Monday, 8th October, 1866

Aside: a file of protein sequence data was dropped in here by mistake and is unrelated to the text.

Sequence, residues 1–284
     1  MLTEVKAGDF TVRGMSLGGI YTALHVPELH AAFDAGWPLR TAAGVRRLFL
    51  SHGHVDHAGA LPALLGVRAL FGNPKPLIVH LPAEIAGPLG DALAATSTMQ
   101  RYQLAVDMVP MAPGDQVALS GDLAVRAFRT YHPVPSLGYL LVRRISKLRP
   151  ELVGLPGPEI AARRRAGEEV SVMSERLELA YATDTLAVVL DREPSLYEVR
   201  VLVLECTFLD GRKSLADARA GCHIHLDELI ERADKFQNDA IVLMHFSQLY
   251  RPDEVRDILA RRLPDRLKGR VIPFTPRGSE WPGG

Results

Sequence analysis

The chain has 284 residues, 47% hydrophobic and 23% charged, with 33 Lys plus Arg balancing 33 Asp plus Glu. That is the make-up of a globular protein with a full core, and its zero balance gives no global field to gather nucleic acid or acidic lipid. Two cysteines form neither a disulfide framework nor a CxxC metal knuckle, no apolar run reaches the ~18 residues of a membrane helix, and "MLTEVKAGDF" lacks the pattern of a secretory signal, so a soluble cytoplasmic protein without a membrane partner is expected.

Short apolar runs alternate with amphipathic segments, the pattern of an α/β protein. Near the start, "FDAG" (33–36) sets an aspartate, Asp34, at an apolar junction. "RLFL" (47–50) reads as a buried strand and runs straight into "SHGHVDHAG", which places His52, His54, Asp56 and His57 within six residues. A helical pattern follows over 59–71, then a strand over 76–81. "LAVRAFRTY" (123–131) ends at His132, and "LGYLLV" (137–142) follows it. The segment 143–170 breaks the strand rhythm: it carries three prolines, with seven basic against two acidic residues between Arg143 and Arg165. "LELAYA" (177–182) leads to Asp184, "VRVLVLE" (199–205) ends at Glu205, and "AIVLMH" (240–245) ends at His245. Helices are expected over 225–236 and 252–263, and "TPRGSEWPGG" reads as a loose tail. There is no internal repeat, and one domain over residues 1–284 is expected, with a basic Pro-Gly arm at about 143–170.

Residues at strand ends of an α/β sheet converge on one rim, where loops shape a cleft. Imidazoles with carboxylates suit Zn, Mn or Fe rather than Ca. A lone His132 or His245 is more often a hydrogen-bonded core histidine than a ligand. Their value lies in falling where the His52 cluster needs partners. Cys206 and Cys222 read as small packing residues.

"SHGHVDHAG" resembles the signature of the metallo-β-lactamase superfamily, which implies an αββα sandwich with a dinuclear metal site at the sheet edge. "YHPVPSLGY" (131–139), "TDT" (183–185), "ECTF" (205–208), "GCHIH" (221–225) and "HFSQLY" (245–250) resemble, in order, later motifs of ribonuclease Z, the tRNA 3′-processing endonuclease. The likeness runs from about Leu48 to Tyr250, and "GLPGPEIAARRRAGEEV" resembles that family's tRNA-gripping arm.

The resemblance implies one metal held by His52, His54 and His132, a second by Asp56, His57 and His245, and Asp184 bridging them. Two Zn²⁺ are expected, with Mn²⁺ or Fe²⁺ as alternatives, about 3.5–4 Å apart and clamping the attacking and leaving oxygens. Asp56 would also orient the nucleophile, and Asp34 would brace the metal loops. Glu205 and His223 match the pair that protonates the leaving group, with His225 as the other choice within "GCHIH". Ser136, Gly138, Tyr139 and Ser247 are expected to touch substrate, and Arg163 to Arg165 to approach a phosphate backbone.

A lovely day. I think we have the most beautiful weather I ever experienced. Commenced sowing wheat this evening. Put in 7½ bushel. Bill had it brined in order to cleanse it perfectly for seed another year.1Using salt water to prepare seed for planting had become standard procedure by English wheat farmers for at least 200 years. We do not know if the Littlepages understood just how this treatment reduced wheat “rust,” but they certainly knew the process worked. I hardly know how my time passes about jobbing, employ it nearly all. Bake and the children do some little sewing. Patsy spun a little blue cotton today. I’ve had Addison about the house all day. Martha churned. Pigeo had a chill today, gave her broken doses tartar. George rode to Ju’s this evening. Borrowed quinine of Ju for her to take tomorrow. He returned to supper. Will start to Balto. tomorrow by way of Tappahannock. I wrote a long letter to Emily before retiring for him to carry. – – Bill wrote to Smith and Watkins respecting the wheat shipped them by Rowe.2Probably merchants “Smith and Watkins,” 66 Exchange Place, Baltimore, MD. If any of our readers have access to a Baltimore city directory or gazetteer for this time period and can find any additional information about Smith and Watkins I will be happy to update this footnote.